Q. How do you differentiate between fluorosis and caries? Both appear as white spots on the teeth, so clinically how do you differentiate between them? I know it has something to do with their appearance while wet and dry, but I am not sure what? please help me I can't find this in any book.

A. Only mild fluorosis is seen as white stop lesion on the tooth. It usually comes with brown spots. Look for them. Another method is trying to stick a dental explorer into it (not the Microsoft one- it’ll only be a portal for viruses..) and because caries is demineralized area it will feel kind of sticky. But I wouldn’t do that…it can harm the teeth. Another way is by an x ray. Fluorosis- you will see it as a whiter spot. Caries- a more translucent spot.

More discussions about fluorosis
References in periodicals archive ?
Determining the dose of exposure to fluoride in the critical age range for dental fluorosis has been the aim of some studies conducted in different countries.
A cross-sectional study design was used to determine the difference in fluorosis for adolescents identified in 2001-2002 as compared to adolescents identified with fluorosis in 2011-2012.
This case report presents a step-by-step aesthetic rehabilitation of a patient with severe fluorosis by using ceramic veneers.
Furthermore, a high amount of fluoride in drinking water is a cause of concern as it may lead to dental fluorosis. This necessitates the use of fluoride in dentifrice as topical application [30, 31].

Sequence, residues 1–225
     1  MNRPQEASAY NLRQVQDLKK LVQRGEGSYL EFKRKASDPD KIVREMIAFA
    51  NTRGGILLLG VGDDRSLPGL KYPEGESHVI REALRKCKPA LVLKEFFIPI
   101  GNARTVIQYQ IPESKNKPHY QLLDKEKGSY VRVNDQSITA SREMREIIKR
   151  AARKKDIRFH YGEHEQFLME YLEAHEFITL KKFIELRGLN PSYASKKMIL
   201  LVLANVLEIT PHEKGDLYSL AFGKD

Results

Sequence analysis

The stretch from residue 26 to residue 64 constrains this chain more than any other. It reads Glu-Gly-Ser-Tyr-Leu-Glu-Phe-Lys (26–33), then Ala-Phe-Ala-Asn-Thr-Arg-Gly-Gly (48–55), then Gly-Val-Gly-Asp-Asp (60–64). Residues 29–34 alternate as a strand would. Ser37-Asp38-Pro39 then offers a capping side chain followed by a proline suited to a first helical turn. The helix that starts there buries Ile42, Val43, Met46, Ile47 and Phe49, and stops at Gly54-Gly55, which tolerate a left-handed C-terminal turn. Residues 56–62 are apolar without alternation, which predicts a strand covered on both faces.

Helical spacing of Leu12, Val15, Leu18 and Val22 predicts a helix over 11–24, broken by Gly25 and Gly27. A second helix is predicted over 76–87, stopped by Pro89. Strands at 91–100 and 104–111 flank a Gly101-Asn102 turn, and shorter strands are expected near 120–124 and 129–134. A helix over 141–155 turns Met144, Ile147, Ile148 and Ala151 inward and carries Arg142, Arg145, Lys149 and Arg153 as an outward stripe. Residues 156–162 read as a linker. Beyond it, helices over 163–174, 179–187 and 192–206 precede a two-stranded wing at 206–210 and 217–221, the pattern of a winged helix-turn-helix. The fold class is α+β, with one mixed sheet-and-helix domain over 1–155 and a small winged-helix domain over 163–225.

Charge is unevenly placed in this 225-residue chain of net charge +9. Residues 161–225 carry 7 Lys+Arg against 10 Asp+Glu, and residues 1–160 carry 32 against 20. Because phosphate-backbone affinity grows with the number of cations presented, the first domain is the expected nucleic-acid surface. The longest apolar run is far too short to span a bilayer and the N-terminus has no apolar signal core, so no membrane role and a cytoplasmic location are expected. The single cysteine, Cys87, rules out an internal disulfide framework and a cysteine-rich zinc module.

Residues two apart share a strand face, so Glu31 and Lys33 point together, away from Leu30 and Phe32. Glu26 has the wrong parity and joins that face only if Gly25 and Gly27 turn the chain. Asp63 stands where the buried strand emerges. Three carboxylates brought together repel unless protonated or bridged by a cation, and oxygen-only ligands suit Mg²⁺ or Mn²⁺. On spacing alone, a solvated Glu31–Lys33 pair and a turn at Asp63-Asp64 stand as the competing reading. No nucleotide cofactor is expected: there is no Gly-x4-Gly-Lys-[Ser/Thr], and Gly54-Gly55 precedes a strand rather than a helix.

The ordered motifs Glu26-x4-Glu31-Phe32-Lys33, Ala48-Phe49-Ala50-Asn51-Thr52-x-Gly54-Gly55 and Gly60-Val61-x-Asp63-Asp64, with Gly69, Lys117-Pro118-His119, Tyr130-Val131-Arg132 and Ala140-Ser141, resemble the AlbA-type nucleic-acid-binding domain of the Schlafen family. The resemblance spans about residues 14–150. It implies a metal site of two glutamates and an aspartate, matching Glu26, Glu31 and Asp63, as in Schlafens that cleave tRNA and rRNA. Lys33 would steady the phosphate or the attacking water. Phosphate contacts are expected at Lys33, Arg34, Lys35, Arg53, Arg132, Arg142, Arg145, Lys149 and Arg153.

In India, few researches have been carried out in fluorosis affected areas to see the gravity of the problem and reason behind it.
People who consume water with moderate amounts of excess fluoride (more than 1.5 milligrammes per litre) develop dental fluorosis characterised by brown teeth (usually before six years of age), while long-term exposure can lead to potentially severe skeletal problems.
According to him, 'an increase in the prevalence of dental fluorosis has been reported concomitantly with the decrease in tooth caries.'
People and animals living in such rural areas are under threat of fluorosis. The adverse effect of fluoride on haematopoietic organs (Eren et al., 2005) and suppression of the functions of blood cells have been reported (Curnette, 1979).
In recent years, the prevalence of dental and skeletal fluorosis in India is increasing due to population overgrowth and erratic rainfall necessitating for more and more indiscriminate digging of tube wells leading to more usage of fluoridated drinking water and total unawareness of importance of water quality assessment and drinking from any and every source.
(4) Ademas de las consecuencias esteticas y funcionales, un estudio in vitro realizado en la Unidad de Investigacion en Caries (UNICA), sobre dientes extraidos con fluorosis moderada provenientes de pacientes colombianos, sugiere que la porosidad del esmalte con fluorosis lo hace mas susceptible a la desmoralizacion.
ous large benefits with negligible sideC...effects resulting in an enamel staining ("mottling" of teeth), known later as "fluorosis".